While fish restocking efforts may begin later this month, the following activities will continue to be prohibited in the affected waters until September 5, 2008 (as posted):

  • Swimming and bathing
  • Fishing and/or fish consumption
  • Livestock watering
  • Irrigation or spraying of agricultural crops
  • Use of treated surface water for human consumption
  • Use of treated surface water for domestic purposes

While many local residents had significant concerns with our approach, everyone remained courteous to DEC staff, and many allowed the Department to occupy their private lands during and after the treatment process despite their reservations. The Department is especially grateful for these accommodations. While the success of our efforts are not yet proven, the Department acted to address this significant challenge and threat to this area.

We will be posting additional information on DEC's website, including some pictures illustrating many of the steps in the process. On behalf of the Department I wish to thank you all for your tolerance, patience and understanding, and for the assistance provided to aid our efforts. We look forward to your continued involvement as we continue our restoration effort. If you have additional questions, please don't hesitate to contact me at the number above or Regional Fisheries Manager Michael Flaherty at 845-256-3066.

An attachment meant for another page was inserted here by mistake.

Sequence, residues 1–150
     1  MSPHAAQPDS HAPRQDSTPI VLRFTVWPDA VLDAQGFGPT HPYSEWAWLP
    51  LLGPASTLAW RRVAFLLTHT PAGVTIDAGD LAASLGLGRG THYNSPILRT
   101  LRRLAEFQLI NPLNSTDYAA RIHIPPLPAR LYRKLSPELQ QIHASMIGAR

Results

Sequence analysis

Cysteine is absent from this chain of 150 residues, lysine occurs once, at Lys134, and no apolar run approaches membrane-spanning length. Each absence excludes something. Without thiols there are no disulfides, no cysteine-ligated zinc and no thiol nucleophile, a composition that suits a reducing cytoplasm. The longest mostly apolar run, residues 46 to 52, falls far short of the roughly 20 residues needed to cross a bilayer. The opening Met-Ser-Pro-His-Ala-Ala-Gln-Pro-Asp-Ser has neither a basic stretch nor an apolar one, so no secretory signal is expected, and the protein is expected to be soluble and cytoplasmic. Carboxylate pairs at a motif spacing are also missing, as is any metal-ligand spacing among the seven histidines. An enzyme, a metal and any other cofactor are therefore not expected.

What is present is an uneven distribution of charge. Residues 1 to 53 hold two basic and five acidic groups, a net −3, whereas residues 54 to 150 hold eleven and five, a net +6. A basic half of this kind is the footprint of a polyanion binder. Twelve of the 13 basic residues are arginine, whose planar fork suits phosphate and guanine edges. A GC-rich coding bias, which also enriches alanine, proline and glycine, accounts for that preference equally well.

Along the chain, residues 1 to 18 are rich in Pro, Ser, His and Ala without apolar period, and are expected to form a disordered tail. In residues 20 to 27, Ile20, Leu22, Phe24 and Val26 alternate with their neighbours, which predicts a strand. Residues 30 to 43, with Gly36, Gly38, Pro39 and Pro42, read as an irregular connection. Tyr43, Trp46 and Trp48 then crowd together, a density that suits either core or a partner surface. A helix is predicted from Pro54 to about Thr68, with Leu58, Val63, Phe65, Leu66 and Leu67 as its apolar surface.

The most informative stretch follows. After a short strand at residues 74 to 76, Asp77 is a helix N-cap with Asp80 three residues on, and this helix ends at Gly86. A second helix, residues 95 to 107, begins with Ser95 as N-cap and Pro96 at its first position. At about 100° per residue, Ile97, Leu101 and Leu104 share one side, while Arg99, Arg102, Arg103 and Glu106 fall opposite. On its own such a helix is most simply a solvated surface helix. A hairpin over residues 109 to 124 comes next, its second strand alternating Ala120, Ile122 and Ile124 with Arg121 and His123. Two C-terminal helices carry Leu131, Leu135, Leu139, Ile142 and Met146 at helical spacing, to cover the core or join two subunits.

July 29th Letter to Riparian Landowners

Dear Riparian Property Owner:

On June 25, 2008 the New York State Department of Environmental Conservation (DEC, Department) sent all known riparian property owners along Ridgebury Lake and Catlin Creek downstream to the Route 6 crossing a letter explaining proposed action to eradicate the Northern Snakehead (Channa argus) from these waters. On July 8, 2008, a public meeting at the Town of Wawayanda Hall was also held to provide information regarding the proposed treatment of these waters with the fish toxicant Prenfish. Department staff provided information about the life history of this aggressive invasive species and the potential ramifications should this species continue to infest Ridgebury Lake and spread to waters downstream such as the Wallkill and Hudson Rivers.

At the conclusion of the Department presentations the meeting was opened for questions and comments. Additional written comments were accepted until July 16. The Department wishes to thank all who attended the information session, provided comments, questions and suggestions or who otherwise responded. The concerns regarding serious impacts from this invasive fish, and the concerns and questions regarding potential health, environmental and other impacts from the proposed response, including the use an aquatic pesticide that has rotenone as it's active ingredient, are understandable.